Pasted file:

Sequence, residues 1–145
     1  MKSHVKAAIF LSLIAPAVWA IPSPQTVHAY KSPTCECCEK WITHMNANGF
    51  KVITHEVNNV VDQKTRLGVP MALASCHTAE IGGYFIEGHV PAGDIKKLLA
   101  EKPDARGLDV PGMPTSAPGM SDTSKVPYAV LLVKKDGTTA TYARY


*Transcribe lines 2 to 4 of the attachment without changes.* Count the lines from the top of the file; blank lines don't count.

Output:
     1  MKSHVKAAIF LSLIAPAVWA IPSPQTVHAY KSPTCECCEK WITHMNANGF
    51  KVITHEVNNV VDQKTRLGVP MALASCHTAE IGGYFIEGHV PAGDIKKLLA
   101  EKPDARGLDV PGMPTSAPGM SDTSKVPYAV LLVKKDGTTA TYARY